One of the Soviet Union's leading poets, publishers, and journalists leads readers on a tour of the Soviet Union's outer provinces--from Kazakhstan, torn apart by ethnic riots, to impoverished Turkemia--visiting friends, families, and poets. 20,000 first printing. $25,000 ad/promo.
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The turbulent chronicle of an overland trip through six Moslem republics of the former USSR, undertaken by Uzbekistani poet/publisher Akchurin in mid-1990 as the Soviet state entered its final year. Leaving wife and home in Moscow, Akchurin drove southeast with a mechanic friend. Their first stop, in the Volga Basin, included a nightmarish encounter with one of the youth gangs raging out of control in that region, complete with brass knuckles and violence, near-rape and a daring escape. On difficult roads further south, the car was damaged, and the mechanic fled with it back to Moscow. Making full use of his Tartar heritage and a network of writer contacts, Akchurin pressed on, hitchhiking, taking trains and taxis, skirting the dying Aral Sea and passing through Turkestan, Alma-Ata, his former hometown of Tashkent, and other cities large and small before finally arriving in Baku. Along the way, the author found sickness and death among his friends, riots and massacres between formerly peaceful Kirghiz and Uzbek neighbors, and the temptations of a Barbie-doll-like state courtesan--as well as another close encounter with thugs in the form of demobilized, drunken soldiers. In the midst of such dangers and confusion, opportunities invariably arose to discuss the future of the Soviet Union, resurgent nationalism, or finer points of regional ancient history with fellow travelers and colleagues--resulting in this sophisticated travelogue of unique historical importance, a window on a region few modern Westerners have seen. Erudite and action-packed, poetic and personable: a must for anyone seeking an unadulterated view of life in the Central Asian republics, still being swept by change. (Thirty-five b&w photographs--not seen.) -- Copyright ©1992, Kirkus Associates, LP. All rights reserved.From Publishers Weekly:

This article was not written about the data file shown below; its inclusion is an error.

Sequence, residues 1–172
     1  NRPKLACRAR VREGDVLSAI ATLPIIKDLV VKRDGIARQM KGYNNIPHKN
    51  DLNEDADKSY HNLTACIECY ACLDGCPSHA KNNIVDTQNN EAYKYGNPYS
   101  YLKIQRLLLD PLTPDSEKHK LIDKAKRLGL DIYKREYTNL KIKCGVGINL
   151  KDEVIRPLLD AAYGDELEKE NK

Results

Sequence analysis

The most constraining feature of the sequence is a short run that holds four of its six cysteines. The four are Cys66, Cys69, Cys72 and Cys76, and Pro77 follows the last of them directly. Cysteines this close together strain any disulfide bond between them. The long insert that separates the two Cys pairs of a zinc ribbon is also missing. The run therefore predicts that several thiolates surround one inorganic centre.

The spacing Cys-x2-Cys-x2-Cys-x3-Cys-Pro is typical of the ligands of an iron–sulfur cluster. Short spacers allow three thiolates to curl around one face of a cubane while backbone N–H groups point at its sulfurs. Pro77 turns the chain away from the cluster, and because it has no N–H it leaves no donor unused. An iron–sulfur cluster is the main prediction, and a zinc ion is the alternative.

In the spring of 1990 Akchurin, a former Soviet publisher and journalist, set out from Moscow on a 10,000-mile automobile trip across the non-Russian republics. Both an engrossing adventure and a savvy political commentary, this pungent, revelatory odyssey records an eruption of violence, ethnic conflict and repression in the crumbling empire. Born in Uzbekistan and now living in California, the author profiles a diverse gallery of people, from polygamous Turkmenistan nomads to besieged Kirghiz squatters to an easygoing Tadzhik guitar player whose infatuation with rock music brought tragedy to his clan. Akchurin contends that under Gorbachev the Soviet state reduced its citizens to slaves. He blames the civil war between Azerbaijan and Armenia largely on the Kremlin, which, he argues, manipulated nationalistic tendencies. This travelogue acerbically depicts the surreal nightmare of ordinary people struggling to survive.
Copyright 1992 Reed Business Information, Inc.
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Book Description Harpercollins, 1992. Hardcover. Book Condition: New. book. Bookseller Inventory # 0060183357
Book Description Harpercollins, 1992. Hardcover. Book Condition: New. Bookseller Inventory # DADAX0060183357
Book Description Harpercollins, 1992. Hardcover. Book Condition: New. Bookseller Inventory # P110060183357
Book Description Harpercollins. Hardcover. Book Condition: New. 0060183357 New Condition. Bookseller Inventory # NEW6.1017541
Book Description Book Condition: Brand New. Book Condition: Brand New. Bookseller Inventory # 97800601833561.0